The Economics of the Public Option: Evidence from Local Pharmaceutical Markets

67 Pages Posted: 20 Apr 2021

See all articles by Juan Pablo Atal

Juan Pablo Atal

University of Pennsylvania

José Ignacio Cuesta

Stanford University, Department of Economics

Felipe González

Pontifical Catholic University of Chile - Institute of Economics

Cristóbal Otero

University of California, Berkeley - Department of Economics

Date Written: April 7, 2021

Abstract

We study the economic and political effects of competition by state-owned firms, leveraging the decentralized entry of public pharmacies to local markets in Chile around local elections. Public pharmacies sell drugs at a third of private pharmacy prices, because of a stronger upstream bargaining position and downstream market power in the private sector, but are also of lower quality. Exploiting a field experiment and quasi-experimental variation, we show that public pharmacies affected consumer shopping behavior, inducing market segmentation and price increases in the private sector. This segmentation created winners and losers, as consumers who switched to public pharmacies benefited, whereas consumers who stayed with private pharmacies were harmed. The countrywide entry of public pharmacies would reduce yearly consumer drug expenditure by 1.6 percent, which outweighs the costs of the policy by 52 percent. Mayors that introduced public pharmacies received more votes in the subsequent election, particularly by the target population of the policy.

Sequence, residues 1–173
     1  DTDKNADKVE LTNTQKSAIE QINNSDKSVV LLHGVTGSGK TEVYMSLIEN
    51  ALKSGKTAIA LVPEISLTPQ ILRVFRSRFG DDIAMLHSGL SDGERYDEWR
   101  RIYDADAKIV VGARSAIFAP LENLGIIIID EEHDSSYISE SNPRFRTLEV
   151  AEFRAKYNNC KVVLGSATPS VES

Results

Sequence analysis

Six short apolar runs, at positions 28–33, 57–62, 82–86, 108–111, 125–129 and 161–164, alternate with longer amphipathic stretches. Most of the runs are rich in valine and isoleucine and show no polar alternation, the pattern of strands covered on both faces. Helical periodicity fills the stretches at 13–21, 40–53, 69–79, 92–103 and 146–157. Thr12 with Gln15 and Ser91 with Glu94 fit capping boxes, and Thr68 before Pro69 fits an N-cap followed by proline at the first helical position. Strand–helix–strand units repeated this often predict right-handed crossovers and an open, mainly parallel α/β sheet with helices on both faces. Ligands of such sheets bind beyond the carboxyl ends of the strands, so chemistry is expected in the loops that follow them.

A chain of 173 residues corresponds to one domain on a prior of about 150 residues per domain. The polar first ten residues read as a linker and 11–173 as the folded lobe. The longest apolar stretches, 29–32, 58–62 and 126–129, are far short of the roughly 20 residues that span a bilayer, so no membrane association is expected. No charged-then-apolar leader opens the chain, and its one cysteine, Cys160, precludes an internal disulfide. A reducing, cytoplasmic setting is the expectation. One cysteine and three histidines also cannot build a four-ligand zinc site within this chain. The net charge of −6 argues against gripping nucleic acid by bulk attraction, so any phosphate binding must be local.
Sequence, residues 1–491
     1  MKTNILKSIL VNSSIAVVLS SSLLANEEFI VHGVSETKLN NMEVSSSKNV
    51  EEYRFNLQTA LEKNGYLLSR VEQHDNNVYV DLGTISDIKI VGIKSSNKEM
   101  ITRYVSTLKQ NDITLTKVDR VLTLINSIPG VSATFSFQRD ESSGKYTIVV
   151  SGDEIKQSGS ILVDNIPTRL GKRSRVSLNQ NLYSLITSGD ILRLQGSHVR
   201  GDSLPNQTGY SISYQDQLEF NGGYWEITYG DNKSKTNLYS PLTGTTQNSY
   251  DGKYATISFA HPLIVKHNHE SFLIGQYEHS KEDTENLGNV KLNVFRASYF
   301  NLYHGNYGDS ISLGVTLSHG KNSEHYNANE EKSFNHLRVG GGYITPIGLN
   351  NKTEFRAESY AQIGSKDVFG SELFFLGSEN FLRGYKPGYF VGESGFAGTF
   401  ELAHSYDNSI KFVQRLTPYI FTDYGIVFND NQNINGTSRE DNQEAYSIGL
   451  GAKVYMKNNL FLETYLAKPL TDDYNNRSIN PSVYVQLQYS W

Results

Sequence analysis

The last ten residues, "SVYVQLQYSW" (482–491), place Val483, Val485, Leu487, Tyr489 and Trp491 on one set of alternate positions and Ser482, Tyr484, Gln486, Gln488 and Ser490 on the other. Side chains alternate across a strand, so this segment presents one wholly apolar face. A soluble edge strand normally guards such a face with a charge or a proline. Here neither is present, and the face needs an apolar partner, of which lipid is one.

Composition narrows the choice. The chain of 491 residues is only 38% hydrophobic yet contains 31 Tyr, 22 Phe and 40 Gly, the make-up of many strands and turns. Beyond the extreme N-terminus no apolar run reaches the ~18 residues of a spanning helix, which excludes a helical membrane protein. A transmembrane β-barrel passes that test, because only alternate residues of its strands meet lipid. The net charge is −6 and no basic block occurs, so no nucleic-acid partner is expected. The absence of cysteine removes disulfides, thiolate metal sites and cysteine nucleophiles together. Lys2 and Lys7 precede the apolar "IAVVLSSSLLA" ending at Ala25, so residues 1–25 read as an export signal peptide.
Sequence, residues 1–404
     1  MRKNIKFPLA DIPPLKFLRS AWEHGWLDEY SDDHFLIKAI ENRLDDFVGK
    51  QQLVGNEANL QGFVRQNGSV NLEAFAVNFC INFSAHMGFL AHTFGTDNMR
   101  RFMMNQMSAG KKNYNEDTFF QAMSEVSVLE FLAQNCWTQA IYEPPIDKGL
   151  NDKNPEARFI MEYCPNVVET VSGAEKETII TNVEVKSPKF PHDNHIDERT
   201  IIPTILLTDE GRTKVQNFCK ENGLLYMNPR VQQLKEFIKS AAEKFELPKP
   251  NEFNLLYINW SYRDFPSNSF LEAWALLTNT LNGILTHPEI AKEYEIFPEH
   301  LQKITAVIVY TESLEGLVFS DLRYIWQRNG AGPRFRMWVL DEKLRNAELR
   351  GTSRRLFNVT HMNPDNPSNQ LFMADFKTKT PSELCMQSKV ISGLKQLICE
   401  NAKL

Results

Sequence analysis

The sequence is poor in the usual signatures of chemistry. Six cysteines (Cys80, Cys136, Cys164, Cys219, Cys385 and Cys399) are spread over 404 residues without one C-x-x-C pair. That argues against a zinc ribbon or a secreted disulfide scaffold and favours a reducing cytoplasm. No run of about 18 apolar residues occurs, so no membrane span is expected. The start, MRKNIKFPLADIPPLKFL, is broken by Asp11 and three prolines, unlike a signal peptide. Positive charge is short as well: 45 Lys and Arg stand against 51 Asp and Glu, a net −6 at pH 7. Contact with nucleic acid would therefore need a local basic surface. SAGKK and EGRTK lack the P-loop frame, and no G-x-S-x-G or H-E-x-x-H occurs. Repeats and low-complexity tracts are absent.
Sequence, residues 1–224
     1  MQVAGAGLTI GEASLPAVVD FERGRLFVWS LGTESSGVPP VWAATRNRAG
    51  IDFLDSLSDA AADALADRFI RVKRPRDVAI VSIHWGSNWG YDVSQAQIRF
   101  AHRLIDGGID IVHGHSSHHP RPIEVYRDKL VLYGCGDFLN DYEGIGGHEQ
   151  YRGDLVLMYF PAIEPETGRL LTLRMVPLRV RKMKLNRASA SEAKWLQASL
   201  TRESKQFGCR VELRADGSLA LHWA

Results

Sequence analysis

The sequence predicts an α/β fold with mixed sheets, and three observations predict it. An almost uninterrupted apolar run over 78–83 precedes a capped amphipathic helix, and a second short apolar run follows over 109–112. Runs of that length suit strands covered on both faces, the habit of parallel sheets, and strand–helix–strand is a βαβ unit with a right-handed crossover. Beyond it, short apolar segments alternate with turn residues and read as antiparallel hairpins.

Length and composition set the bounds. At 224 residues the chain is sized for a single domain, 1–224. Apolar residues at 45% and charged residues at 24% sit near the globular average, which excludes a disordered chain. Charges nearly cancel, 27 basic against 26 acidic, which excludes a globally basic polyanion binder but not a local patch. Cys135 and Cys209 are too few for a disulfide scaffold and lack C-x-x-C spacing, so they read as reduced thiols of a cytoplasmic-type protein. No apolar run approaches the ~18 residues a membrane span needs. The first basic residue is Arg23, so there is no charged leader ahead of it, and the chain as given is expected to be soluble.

Keywords: competition, state-owned firms, pharmacies, political returns

JEL Classification: D72, H4, I16, L3

Suggested Citation

Atal, Juan Pablo and Cuesta, José Ignacio and González, Felipe and Otero, Cristóbal, The Economics of the Public Option: Evidence from Local Pharmaceutical Markets (April 7, 2021). Available at SSRN: https://ssrn.com/abstract=3821885 or http://dx.doi.org/10.2139/ssrn.3821885

Juan Pablo Atal

University of Pennsylvania ( email )

Philadelphia, PA 19104
United States

José Ignacio Cuesta (Contact Author)

Stanford University, Department of Economics ( email )

579 Jane Stanford Way
Stanford, CA CA 94305
United States
94305-6015 (Fax)

Felipe González

Pontifical Catholic University of Chile - Institute of Economics ( email )

Casilla 76
Correo 17
Santiago
Chile

Cristóbal Otero

University of California, Berkeley - Department of Economics ( email )

579 Evans Hall
Berkeley, CA 94709
United States

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